Tuesday, February 5, 2013

Mansions of Madness Game Review

Van Gogh lived a miserable life of turpentine-chugging and ear-chopping horror. The madness he faced eventually overtook him and he is said to have shot himself in the chest with a revolver. He didn't achieve serious fame until after he died.
Imagine creating something and having no idea that what you left was a legacy. Van Gogh did it with art. I would argue that Lovecraft did it with literary horror. As it turns out, the Call of Cthulhu is eternal....

Mansions of Madness is one of the many Cthulhu themed games put out by Fantasy Flight in the past few years. I jokingly refer to it as the heavy version of Betrayal at House on the Hill. In many cases, I think heavy versions of games tend to be clunkier and worse, but I think Mansions adds a pleasant depth to it that Betrayal is sorely lacking. I don't enjoy Betrayal, I do enjoy Mansions. On the other hand, Betrayal is very accessible to rookie gamers and Mansions is a bit overwhelming at first glance. 

Mansions uses the Descent model of gameplay: one evil "game master" is trying his best to kill the rest of the players. Meanwhile, the players, or investigators, are doing their best to meet some objective. Problem is, at the beginning of Mansions, the investigators don't know what their win condition is!
Desire to fuck with that green thing = 0 (note: figs do not come painted)
On an investigator's turn, he takes two moves and one action. The actions can be fighting, solving puzzles, or searching rooms (the most common action). On the Keeper's (evil game master) turn, he collects threat to fuel his card options which allow him to draw special cards, place monsters, move monsters, or do funky things. After, he attacks with any monsters that he can. In addition, time passes at the end of every keeper's turn, advancing towards the moment of big reveal.
Each investigator has a series of stats that affect how good they are at the game. Intelligent investigators get more turns to solve the puzzles*, fast investigators can evade enemies easily, and strong investigators can use axes and sledgehammers well. The game primarily uses a d10 compared to your stats to determine failure or success, so you know exactly what % likelihood you are to succeed.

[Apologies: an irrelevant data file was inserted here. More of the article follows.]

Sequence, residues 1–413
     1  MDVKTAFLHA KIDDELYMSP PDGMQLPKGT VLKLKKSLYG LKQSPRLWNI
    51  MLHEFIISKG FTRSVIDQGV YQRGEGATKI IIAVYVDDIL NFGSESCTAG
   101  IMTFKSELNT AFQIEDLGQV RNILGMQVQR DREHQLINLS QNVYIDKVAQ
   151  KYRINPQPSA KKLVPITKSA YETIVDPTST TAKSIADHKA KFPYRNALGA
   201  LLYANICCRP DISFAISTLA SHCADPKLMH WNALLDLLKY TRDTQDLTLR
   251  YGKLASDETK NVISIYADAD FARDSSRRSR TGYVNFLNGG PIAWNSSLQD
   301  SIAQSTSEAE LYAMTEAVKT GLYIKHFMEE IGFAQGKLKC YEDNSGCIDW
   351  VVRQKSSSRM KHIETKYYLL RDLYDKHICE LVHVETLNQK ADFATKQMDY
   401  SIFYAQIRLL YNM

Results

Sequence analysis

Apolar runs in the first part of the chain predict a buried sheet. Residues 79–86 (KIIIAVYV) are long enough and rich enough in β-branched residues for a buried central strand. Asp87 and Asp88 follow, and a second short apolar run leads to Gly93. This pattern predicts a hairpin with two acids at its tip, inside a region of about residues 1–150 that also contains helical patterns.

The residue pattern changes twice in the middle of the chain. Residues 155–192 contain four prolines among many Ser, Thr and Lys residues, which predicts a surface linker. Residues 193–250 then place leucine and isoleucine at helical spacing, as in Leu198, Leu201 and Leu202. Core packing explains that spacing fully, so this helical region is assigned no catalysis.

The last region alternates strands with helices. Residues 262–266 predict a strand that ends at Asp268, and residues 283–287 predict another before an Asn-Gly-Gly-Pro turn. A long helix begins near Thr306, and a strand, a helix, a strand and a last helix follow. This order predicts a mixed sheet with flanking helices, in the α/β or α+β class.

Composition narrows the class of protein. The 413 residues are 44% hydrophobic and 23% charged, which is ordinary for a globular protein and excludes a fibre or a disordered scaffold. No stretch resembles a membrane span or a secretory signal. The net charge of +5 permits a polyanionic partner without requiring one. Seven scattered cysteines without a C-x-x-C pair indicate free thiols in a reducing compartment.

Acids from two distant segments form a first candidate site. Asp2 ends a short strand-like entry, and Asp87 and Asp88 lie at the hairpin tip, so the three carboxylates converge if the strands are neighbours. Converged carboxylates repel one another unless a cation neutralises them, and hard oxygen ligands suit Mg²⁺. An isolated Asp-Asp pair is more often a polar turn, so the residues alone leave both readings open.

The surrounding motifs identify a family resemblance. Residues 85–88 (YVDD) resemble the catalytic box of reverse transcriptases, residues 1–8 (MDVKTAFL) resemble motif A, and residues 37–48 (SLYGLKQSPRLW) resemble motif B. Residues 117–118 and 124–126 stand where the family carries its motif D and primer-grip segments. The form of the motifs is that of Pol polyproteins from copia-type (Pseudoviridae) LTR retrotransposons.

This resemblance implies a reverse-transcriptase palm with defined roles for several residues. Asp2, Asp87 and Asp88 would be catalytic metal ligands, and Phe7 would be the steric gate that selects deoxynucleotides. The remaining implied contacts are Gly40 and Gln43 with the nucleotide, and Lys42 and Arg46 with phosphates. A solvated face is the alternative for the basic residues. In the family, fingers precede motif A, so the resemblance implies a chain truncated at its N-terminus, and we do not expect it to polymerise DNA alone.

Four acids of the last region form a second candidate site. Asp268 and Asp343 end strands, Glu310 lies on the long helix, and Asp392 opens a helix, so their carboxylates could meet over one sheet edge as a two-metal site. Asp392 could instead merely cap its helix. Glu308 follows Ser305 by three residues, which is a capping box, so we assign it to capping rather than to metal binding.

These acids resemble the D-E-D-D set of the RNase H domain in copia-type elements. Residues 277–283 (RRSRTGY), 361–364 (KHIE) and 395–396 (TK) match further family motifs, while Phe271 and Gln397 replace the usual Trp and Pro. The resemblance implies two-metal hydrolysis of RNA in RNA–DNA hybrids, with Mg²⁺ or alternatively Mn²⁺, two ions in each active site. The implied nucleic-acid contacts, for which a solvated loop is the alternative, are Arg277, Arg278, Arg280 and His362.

* - The puzzles are the coolest part of the game mechanically speaking. Most are variations of the 15 puzzle you played as a kid. It isn't particularly difficult mentally to solve the puzzles, so it requires good stats, decent luck, but also requires you to use your actual brain. It's a nifty delivery mechanic that I really enjoy.

The investigators are trying to find clues in the mansion that will direct them to the main goal of the mission, but the clues reveal little information until the final clue is found. Alternatively, the investigators will find out the goal of the mission as the midnight bell chimes and then have several turns (probably 5 or so) to complete their task. One quirky aspect of Mansions is that if an investigator dies before this reveal, no big deal, that player finds a new investigator and joins the team. On the other hand, if you die after the reveal, you are out of the game. Several of the Keeper's objectives involve killing one of the players, but it only counts once the truth has been revealed. This leads to my least favorite aspect of the game: as the Keeper the ideal strategy seems to be to hurt everyone as much as possible without killing anyone before the reveal. As an investigator, your job is to find a lot of stuff and commit suicide if you are getting pretty hurt. That seems...off to me.